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New 30-Day Rules for Capital Gains on Residential Property

New 30-Day Rules for Capital Gains on Residential Property

New 30-Day Rules for Capital Gains on Residential Property

New rules have now come into force in relation to capital gains made on disposals of UK residential property*. Several key actions are now required if a taxable capital gain has arisen, including some that now need to be made fast:

  1. Taxpayers need to report the property’s disposal within 30 days of the actual disposal;
  2. They will need to pay the estimated Capital Gains Tax (‘CGT’) to HMRC within 30 days of the disposal.
  3. Those who fill in and submit a Self-Assessment tax return will also need to include details of the disposal on their return.

Who Do the New CGT Rules Apply To?

The new rules apply whether you’re an individual, joint property owner, trustee, partner in a partnership or LLP, or a personal representative.

What Counts as a Residential Property Disposal?

The new rules apply to all UK residential property that was disposed of (taken as the date of the exchange of contracts) since 6 April 2020 inclusive, where a capital gain was made that will require payment of CGT.

To fall within the rules, a UK residential property must be one that:

  • is suitable for use as a dwelling, or;
  • is being built or adapted for use as a dwelling.

It can be one in which the the owner has never lived or has lived for only part of the period they owned it. It can also be a rental property or a holiday home.

Where a property has been used for mixed purposes, only the capital gain that’s equivalent to Read more

Faiz from Taxfile - Helping the Community with Tax Problems

Faiz from Taxfile – Helping the Community with Tax Problems

Faiz from Taxfile - helping the South London community with their tax problems

Hello; I’m Faiz Mazloumiar. I have been working for Taxfile since May 2005, mostly doing tax returns for subcontractors, self-employed individuals, partnerships and landlords. I specialise in helping clients who, for whatever reason, have fallen behind in their tax affairs, assisting in making disclosures to HMRC whilst trying to minimise the penalties imposed on them over the years. I always aim to put our customers first by calling HMRC to try to cancel recent years’ penalties, then I submit any outstanding tax returns. When I submit the tax returns I also do an appeal for older years’ penalties to be revoked. In many cases HMRC accept my appeals and clients get their money back for anything they have had to pay. I am always fighting for my clients and I have been known to battle on behalf of them for over a year.

I also help many people in our local community who are on PAYE but perhaps do not know if they are paying the right tax and NI contributions. It is a little like charity work. When people from the local community bring in their P60, I will check it and give them advice on how to contact HMRC and ask for a refund if they have overpaid. When new clients come with any problems, they are usually very stressed and anxious and sometimes don’t understand the intricacies of the UK tax system. We aim to help them with their tax problems, so they can leave us feeling relieved and a little happier. When I help clients they trust me and I have grown my client base only through recommendations. It is very exciting and satisfying for me to be able to help my clients and community as a whole.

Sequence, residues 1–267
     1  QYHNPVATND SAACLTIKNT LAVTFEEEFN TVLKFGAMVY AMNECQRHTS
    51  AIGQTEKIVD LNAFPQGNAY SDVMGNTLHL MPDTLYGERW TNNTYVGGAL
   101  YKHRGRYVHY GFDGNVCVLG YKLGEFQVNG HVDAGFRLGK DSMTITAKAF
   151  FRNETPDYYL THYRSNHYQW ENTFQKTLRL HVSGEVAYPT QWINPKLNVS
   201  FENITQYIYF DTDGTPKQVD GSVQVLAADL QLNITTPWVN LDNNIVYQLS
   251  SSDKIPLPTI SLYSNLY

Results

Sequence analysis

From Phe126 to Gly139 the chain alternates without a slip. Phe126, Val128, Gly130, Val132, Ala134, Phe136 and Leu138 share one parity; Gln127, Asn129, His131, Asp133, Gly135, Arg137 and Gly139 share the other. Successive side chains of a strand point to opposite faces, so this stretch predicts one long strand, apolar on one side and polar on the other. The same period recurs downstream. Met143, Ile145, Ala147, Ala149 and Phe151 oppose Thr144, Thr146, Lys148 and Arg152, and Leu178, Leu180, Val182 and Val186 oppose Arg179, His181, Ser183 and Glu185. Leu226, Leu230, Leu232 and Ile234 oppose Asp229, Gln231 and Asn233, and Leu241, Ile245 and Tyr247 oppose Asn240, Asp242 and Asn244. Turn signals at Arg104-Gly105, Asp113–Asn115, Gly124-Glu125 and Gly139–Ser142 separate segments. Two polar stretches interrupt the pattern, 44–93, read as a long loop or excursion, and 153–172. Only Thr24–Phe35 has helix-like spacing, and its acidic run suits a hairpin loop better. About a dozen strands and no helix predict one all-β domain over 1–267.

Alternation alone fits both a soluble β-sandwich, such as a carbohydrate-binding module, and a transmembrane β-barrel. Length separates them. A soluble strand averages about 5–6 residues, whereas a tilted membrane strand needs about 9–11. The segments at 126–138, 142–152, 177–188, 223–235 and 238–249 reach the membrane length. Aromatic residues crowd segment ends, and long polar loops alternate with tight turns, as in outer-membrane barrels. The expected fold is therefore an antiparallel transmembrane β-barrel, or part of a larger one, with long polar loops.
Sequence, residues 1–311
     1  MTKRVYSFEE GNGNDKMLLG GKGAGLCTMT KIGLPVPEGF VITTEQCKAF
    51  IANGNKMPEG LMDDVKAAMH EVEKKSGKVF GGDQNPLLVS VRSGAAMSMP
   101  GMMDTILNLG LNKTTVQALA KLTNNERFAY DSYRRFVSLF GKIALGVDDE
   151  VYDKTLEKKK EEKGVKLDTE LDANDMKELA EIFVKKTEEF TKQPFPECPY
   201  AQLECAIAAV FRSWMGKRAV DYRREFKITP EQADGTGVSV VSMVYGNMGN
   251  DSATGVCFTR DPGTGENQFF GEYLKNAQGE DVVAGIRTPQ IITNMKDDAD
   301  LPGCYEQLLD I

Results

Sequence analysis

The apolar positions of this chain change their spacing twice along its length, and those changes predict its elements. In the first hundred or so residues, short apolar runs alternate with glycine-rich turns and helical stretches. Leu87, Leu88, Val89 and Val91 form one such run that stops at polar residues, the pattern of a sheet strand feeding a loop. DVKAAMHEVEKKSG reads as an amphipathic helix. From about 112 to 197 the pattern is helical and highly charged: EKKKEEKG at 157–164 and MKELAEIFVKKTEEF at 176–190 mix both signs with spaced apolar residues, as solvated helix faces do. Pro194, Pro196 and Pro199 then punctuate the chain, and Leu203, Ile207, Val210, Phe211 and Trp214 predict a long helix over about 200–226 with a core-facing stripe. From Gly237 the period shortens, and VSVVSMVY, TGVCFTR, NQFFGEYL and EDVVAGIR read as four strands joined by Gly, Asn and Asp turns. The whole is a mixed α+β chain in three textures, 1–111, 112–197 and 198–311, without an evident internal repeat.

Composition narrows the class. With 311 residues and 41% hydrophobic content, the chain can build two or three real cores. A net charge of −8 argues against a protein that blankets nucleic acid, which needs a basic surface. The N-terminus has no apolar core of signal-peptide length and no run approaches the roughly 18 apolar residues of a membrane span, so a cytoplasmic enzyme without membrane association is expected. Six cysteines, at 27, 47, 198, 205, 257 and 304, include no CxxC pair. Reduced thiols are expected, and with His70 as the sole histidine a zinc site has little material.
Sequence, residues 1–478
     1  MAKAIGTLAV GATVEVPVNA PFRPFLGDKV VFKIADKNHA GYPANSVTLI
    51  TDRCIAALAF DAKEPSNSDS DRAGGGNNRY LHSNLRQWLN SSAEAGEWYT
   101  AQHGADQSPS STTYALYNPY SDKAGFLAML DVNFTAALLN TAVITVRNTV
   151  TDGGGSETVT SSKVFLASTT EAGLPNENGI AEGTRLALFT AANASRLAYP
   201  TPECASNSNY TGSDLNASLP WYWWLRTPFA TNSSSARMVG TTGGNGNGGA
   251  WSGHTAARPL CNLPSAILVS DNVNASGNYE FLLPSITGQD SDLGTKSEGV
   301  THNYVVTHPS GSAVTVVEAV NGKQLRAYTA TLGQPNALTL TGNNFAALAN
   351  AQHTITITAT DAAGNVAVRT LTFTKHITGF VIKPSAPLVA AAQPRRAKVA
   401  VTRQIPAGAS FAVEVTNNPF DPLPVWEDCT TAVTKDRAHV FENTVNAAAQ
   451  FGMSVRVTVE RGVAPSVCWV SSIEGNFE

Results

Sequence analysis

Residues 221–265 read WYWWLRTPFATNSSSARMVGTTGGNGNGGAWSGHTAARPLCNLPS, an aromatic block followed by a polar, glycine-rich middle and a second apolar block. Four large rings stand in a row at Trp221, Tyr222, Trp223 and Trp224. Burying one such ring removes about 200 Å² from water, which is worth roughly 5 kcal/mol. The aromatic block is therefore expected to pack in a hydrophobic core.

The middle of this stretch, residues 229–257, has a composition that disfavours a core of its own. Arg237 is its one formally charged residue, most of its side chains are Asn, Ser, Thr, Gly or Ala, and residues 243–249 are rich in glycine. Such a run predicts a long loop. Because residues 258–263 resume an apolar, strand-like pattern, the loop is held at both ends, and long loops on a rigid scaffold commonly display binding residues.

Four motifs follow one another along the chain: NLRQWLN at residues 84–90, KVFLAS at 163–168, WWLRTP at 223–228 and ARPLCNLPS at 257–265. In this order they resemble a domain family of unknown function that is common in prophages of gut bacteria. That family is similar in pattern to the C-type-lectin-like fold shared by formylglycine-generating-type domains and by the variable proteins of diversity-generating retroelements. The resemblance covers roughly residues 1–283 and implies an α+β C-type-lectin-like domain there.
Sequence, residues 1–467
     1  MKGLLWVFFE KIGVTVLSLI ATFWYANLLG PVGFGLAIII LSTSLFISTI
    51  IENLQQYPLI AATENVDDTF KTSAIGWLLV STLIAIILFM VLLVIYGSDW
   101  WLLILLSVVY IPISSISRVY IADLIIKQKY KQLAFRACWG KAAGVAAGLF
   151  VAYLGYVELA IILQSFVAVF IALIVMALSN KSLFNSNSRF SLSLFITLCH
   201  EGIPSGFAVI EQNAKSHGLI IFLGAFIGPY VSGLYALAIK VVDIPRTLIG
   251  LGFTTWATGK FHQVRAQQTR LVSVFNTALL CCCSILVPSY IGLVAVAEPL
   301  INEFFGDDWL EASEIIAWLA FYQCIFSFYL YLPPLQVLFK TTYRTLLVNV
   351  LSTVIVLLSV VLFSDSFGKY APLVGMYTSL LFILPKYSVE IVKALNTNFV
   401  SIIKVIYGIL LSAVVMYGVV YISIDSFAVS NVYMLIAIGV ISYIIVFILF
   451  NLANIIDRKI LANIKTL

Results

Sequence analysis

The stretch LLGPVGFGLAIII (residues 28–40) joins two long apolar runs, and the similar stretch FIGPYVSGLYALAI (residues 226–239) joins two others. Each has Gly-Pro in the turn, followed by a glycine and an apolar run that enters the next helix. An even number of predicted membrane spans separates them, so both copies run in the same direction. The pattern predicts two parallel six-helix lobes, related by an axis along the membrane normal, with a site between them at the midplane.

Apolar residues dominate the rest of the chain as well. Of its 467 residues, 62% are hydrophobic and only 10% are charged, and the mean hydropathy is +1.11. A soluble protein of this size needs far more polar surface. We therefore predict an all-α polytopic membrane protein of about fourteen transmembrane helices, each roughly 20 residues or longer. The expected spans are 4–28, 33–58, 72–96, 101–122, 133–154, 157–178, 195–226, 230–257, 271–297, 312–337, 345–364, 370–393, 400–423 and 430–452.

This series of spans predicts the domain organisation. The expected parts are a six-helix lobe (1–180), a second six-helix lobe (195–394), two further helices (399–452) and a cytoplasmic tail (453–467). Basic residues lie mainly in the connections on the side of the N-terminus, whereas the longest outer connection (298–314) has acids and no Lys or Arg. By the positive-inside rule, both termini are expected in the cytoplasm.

Contact Taxfile, South London’s Favourite Tax Accountants

For any tax- or accountancy-related needs, contact us. We’d love to help! Call Faiz direct on 020 8655 7891 or speak to our main switchboard on 020 8761 8000. Alternatively message us your tax-related query here. We also offer a free 20-minute introductory appointment and this is available in person, through a video call (Zoom, Teams etc.) or via telephone — whichever you prefer. We are accountants and tax advisors in Tulse Hill, Dulwich, South London and Devon/Cornwall in the West Country.

This post was brought to you by Faiz at Taxfile.

Tax “Payment Plans” are ENDING – Act NOW if you Owe Tax!

Tax Debt “Payment Plans” are Ending - Act NOW if you Owe Tax!

Are you late paying your tax? Do you owe unpaid tax for the last financial year, or earlier? Are you struggling to pay it?

Taxfile has recently been helping some of our customers with tax debts from 2019/20 and earlier. In particular, we’re helping them to arrange payment plans with HMRC as part of their ‘Time to Pay‘ scheme. This spreads the cost of those tax debts instead of paying them off in one go. This is really useful to those who are struggling financially following the pandemic. The new payment plans are only available until 1 April 2021, though, so really you should apply by 31 March 2021. Our advice is to act now if you are in a position to take advantage of the payment plans while they’re still — just about — available.

The benefits of arranging a tax payment plan now

Agreeing a payment plan with HMRC will help avoid the 5% late payment penalty that’s usually charged on outstanding tax not paid by the deadline. And, of course, spreading the cost helps those who might otherwise struggle to get together the full amount in one transaction. The HMRC interest rate seems relatively low too.

How Tax Payment Plans have gone so far

What we’ve found so far is that Read more

TODAY is the deadline for submission of your tax return. Contact Taxfile for help filing & avoid a minimum £100 fine!

TODAY is the Self Assessment Tax Return Deadline!

TODAY is the self-assessment tax return deadline!